What Is Colorectal Cancer?

In order to understand colon and rectal cancer, collectively known as colorectal cancer, it might first help to understand what parts of the body are affected and how they work.

The Colon

The colon is a 6-foot long muscular tube connecting the small intestine to the rectum. The colon, which along with the rectum is called the large intestine, is a highly specialized organ that is responsible for processing waste so that emptying the bowels is easy and convenient. The colon removes water from the stool, and stores the solid stool. Once or twice a day it empties its contents into the rectum to begin the process of elimination.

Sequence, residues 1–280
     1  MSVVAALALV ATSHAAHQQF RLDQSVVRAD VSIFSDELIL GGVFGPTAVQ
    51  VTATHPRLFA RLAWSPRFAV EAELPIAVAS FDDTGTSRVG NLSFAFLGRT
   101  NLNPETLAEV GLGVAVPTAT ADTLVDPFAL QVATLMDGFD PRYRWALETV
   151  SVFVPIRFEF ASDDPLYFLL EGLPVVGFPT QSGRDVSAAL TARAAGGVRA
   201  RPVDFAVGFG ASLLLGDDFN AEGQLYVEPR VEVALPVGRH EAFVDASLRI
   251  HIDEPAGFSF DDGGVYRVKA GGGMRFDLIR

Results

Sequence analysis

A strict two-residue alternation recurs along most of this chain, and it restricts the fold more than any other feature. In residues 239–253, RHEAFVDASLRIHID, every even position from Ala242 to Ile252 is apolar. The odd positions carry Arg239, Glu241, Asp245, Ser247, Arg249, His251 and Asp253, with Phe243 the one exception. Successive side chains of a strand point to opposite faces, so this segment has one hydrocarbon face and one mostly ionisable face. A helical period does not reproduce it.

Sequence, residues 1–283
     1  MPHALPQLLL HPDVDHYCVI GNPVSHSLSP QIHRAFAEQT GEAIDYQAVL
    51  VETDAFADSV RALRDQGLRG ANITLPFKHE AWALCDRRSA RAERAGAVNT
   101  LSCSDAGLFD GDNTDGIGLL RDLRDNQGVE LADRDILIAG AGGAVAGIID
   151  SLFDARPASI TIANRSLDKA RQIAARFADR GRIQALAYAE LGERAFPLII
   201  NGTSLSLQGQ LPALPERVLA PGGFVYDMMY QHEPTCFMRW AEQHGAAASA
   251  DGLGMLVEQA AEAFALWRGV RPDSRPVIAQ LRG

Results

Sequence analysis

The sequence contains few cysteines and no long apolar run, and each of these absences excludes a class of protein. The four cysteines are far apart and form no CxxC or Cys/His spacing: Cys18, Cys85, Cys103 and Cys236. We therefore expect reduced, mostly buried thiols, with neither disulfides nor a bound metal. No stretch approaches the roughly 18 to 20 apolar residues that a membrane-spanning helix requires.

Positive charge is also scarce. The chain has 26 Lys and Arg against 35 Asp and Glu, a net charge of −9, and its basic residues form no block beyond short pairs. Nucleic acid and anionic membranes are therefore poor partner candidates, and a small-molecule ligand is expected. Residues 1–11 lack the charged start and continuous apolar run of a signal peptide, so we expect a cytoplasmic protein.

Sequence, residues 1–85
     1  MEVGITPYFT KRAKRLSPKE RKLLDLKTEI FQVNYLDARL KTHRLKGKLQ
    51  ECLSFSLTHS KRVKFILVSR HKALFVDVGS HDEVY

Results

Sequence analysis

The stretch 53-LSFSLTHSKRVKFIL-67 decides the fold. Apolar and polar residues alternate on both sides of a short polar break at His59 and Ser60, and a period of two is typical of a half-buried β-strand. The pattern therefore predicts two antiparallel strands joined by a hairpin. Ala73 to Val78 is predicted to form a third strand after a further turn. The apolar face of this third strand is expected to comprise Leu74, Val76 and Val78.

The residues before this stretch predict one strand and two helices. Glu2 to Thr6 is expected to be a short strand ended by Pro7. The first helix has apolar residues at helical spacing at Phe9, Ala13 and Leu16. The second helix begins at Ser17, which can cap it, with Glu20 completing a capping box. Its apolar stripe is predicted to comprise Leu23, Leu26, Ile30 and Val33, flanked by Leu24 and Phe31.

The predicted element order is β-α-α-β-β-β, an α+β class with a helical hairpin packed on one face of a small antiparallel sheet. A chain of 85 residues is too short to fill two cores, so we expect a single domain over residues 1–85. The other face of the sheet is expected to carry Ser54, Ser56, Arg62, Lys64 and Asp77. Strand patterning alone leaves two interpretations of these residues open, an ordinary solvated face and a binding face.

The Rectum

The rectum is an 8-inch chamber that connects the colon to the anus. It is the rectum's job to receive stool from the colon, to let you know that there is stool to be evacuated, and to hold the stool until evacuation happens.

What Is Colorectal Cancer?

Cancer that begins in the colon is called colon cancer, and cancer that begins in the rectum is called rectal cancer. Cancers affecting either of these organs also may be called colorectal cancer.

Colorectal cancer occurs when some of the cells that line the colon or the rectum become abnormal and grow out of control. The abnormal growing cells create a tumor, which is the cancer.

WebMD Medical Reference Reviewed by William Blahd, MD on September 06, 2016


SOURCE: American Cancer Society.

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